Today the genome of the loblolly pine was published in Genome Biology – the largest yet sequenced. This paper is mostly important because the authors made real improvements to the process that scientists use to sequence large and complex genomes like that of the loblolly pine. Because let’s face it, they’re not likely to hold the record for long. Genome sequencing technologies are moving fast and there are hundreds of sequencing initiatives going on.
So, a little defining of terms. Sequencing is when you work out the exact code of DNA bases A,C,G and T that make up a genome. But you can estimate the number of bases in a genome without knowing what they are, so we have lots of information about the size of various genomes without knowing exactly what’s in them. Like knowing how many pages are in a book, without having read exactly what letters are on each page. These are measured in base pairs, as DNA is double helix, so the bases are always in pairs.
Our infographic comparing the largest to smallest known genomes. Where do we stand? Click the image to see a close up.
Just finding the figures to put together this infographic of some of the most interesting genomes out there was a challenge – it’s changing all the time! We looked for the ‘smallest’ genome listed on a table on Wikipedia, only to find it had been supplanted by the discovery of an even smaller genome. And the largest genome of any organism is contested – the 640,000,000,000 base pairs of the tiny amoeba Polychaos dubiu is contested, because it’s size was estimated before modern techniques were developed, so it might be wrong! So the most likely candidate for biggest genome is actually Paris japonica.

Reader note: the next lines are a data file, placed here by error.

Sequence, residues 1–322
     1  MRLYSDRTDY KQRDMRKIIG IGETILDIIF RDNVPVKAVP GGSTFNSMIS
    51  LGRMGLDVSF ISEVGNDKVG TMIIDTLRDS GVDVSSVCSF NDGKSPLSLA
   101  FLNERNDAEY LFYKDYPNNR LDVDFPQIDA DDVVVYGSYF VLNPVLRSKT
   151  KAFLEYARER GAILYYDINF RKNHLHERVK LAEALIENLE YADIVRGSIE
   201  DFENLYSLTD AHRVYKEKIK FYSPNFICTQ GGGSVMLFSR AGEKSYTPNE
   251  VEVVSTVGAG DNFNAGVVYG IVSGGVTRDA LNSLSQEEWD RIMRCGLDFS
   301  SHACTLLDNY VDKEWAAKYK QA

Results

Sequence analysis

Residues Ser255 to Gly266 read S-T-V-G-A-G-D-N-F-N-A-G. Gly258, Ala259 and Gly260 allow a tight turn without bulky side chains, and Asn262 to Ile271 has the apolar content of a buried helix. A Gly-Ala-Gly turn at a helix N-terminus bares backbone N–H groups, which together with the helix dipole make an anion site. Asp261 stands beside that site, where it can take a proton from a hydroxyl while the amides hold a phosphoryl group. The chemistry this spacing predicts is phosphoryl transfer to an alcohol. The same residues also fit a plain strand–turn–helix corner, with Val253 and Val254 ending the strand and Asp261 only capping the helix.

Plants often have huge, complex genomes. This is sometimes because their genomes spontaneously double, so that instead of being in pairs (A diploid organism), their chromosomes are in group of 4 or more – these are called polyploid, and they tend to have enormous genomes. The amazing thing about the loblolly pine, which is currently the largest genome sequenced, at 22.18 billion base pairs, is that it’s actually a diploid, so it’s size and complexity is nothing to do with chromosome doubling. Sequencing the genome revealed that actually, a lot of its bulk is down to repetitive bits of sequence.
While the human genome has had a huge effect on medical treatment and research, and was a huge step forward in sequencing technology, my personal favourite of all of these is the man-made bacterial genome created at the J. Craig Venter Institute in 2010. It was based on the Mycoplasma mycoides genome and is affectionately known as Mycoplasma mycoides JCVI-syn1.0. It is estimated that this synthetic genome cost US$40 million to make and took 20 people more than a decade of work. It was an amazing proof of principle that you can synthesise the genome of an organism and make it work within a living body. For bacteria at least.
The ethical and societal implications of this are huge, and so this was a really controversial development – something the Institute is well known for! Their current work includes amazing things like the Human Microbiome Project, and synthetic bacteria to tackle carbon levels. So they are just one place that is moving beyond what’s in the genome, to what we can do with it.
Genome sequencing is amazing, because it opens up so many new questions and possibilities for science. So while the records in this infographic – though accurate at the time of writing, are sure to be supplanted, we can be sure of one thing – the genome is just the start of the story.